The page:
Improperly formatted or “dirty” data

Answers to critical research questions are only as good as your data. If your data is improperly formatted (i.e. missing fields or improperly named columns) it can lead to lots of extra work or worse--inaccurate insight. One of the biggest challenges in analyzing massive amounts of behavioral data is the amount of effort that goes into formatting or “cleaning” the data to prepare it for analysis. 


Scuba takes much of this work off your plate. Our customer intelligence tool can work with semi-structured data, which makes it super easy to manipulate or edit data and significantly reduces data-prepping efforts. All your data needs is a timestamp, and a user ID, and you can get all the context and granularity you need to uncover what you’re looking for.

Incomplete or siloed data

Data collections within organizations tend to be siloed by internal departments, resulting in inaccurate or incomplete data (and preventing you from gaining the deep, actionable insights you need). The use of cloud-based data warehouses or data lakes can help to break down these silos--but only with the right analytics tool. In addition, scripting or ETL tools can help, but require lots of resources, plus knowledge of SQL, Python, or other programming languages.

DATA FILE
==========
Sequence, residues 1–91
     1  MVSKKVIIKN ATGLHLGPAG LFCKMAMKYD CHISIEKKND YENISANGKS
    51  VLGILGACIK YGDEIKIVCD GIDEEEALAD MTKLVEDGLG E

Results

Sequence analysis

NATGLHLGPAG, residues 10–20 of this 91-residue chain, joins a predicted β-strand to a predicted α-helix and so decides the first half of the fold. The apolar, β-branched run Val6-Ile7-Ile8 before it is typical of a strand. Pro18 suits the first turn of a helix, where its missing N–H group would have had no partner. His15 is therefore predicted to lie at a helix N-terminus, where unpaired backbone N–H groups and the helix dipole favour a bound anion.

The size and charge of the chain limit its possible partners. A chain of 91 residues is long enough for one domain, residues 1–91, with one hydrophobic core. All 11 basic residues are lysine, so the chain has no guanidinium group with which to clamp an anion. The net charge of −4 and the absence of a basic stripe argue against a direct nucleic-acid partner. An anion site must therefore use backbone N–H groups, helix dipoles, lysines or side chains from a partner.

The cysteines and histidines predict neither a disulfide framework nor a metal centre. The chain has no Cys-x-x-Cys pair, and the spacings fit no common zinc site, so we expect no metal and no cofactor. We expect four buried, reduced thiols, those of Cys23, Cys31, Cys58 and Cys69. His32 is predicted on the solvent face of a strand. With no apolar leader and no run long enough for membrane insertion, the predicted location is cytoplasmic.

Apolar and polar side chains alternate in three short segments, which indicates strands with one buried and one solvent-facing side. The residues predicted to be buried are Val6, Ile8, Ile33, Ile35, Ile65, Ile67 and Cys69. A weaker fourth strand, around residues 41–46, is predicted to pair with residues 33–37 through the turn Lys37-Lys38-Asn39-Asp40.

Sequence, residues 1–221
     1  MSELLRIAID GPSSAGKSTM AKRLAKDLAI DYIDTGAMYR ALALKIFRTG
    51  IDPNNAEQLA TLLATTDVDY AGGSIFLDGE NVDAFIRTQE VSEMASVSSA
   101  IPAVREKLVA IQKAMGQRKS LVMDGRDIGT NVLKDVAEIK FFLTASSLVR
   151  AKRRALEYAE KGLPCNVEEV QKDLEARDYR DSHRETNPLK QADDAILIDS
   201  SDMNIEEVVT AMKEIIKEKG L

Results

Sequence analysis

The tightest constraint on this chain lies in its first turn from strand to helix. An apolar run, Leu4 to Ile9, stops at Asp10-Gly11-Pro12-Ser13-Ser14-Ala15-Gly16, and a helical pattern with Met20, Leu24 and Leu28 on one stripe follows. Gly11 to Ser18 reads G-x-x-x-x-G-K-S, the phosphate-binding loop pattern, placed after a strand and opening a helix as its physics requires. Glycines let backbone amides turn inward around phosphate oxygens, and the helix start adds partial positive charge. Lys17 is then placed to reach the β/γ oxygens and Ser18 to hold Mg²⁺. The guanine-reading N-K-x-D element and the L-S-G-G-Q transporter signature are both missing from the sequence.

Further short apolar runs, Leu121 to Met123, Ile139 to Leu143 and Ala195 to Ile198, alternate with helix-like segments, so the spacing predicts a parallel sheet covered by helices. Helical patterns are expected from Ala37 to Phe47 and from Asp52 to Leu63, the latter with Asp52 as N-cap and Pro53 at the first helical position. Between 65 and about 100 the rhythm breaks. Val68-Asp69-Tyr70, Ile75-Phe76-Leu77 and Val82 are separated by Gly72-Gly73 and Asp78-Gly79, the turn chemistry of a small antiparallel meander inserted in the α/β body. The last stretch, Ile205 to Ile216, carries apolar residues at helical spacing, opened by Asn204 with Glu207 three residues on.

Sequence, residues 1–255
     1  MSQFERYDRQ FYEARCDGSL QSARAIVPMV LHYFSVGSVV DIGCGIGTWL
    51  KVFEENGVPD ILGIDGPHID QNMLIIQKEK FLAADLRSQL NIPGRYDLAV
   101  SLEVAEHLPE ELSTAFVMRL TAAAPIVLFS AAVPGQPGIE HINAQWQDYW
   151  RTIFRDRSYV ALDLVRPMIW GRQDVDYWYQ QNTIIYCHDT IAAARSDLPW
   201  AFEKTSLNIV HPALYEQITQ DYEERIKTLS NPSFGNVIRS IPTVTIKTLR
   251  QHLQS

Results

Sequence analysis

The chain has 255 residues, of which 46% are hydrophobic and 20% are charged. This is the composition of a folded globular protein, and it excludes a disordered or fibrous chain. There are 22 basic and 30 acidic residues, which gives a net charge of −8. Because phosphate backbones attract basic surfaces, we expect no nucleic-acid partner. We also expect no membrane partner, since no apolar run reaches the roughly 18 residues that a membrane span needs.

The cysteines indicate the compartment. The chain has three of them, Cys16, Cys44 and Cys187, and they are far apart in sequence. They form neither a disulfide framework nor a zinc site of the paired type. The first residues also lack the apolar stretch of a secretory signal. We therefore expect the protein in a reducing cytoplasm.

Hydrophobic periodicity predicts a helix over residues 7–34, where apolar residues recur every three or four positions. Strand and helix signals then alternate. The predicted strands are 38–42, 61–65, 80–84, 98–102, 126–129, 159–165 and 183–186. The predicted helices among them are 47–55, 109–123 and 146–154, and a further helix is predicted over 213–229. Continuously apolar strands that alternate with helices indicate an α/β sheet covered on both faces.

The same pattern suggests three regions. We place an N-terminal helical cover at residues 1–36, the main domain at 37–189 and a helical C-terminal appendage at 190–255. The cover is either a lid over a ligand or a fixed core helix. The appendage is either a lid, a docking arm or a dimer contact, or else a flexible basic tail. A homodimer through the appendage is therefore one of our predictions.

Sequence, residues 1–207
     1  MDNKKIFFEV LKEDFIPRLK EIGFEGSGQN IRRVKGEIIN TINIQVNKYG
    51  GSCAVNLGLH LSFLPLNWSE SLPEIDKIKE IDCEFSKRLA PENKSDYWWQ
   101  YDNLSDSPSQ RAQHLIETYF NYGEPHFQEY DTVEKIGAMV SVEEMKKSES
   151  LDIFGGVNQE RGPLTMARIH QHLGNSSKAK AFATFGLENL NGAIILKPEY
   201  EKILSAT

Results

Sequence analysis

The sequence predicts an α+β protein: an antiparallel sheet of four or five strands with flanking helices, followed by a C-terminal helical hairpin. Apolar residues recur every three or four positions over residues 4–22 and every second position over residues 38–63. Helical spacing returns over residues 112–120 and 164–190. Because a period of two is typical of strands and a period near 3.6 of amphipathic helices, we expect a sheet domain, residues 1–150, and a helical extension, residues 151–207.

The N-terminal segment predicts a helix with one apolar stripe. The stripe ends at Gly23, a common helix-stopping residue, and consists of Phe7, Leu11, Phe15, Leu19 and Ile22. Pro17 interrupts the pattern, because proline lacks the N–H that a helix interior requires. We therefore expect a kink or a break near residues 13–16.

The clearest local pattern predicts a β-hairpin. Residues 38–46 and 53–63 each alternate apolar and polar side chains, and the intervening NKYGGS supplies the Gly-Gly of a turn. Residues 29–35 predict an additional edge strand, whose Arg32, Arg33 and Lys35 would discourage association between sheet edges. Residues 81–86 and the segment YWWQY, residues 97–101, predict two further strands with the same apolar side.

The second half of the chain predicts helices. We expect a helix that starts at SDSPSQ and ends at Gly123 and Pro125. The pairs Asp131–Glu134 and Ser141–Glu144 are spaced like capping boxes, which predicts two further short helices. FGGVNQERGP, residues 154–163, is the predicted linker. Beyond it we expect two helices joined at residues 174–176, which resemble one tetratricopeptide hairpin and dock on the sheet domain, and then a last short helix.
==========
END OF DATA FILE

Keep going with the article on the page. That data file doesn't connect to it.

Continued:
If your data analysis is limited to only one channel, you’re not getting the full picture. While other analytics tools on the market are often siloed in their capacity to cross-reference data, Scuba combines data from any and all sources, via any event stream (as long as it’s time-stamped). This means teams across your entire organization, including customer experience, sales, product management, and IT, can all use and benefit from real-time insights about user behaviors.

Not using data to make decisions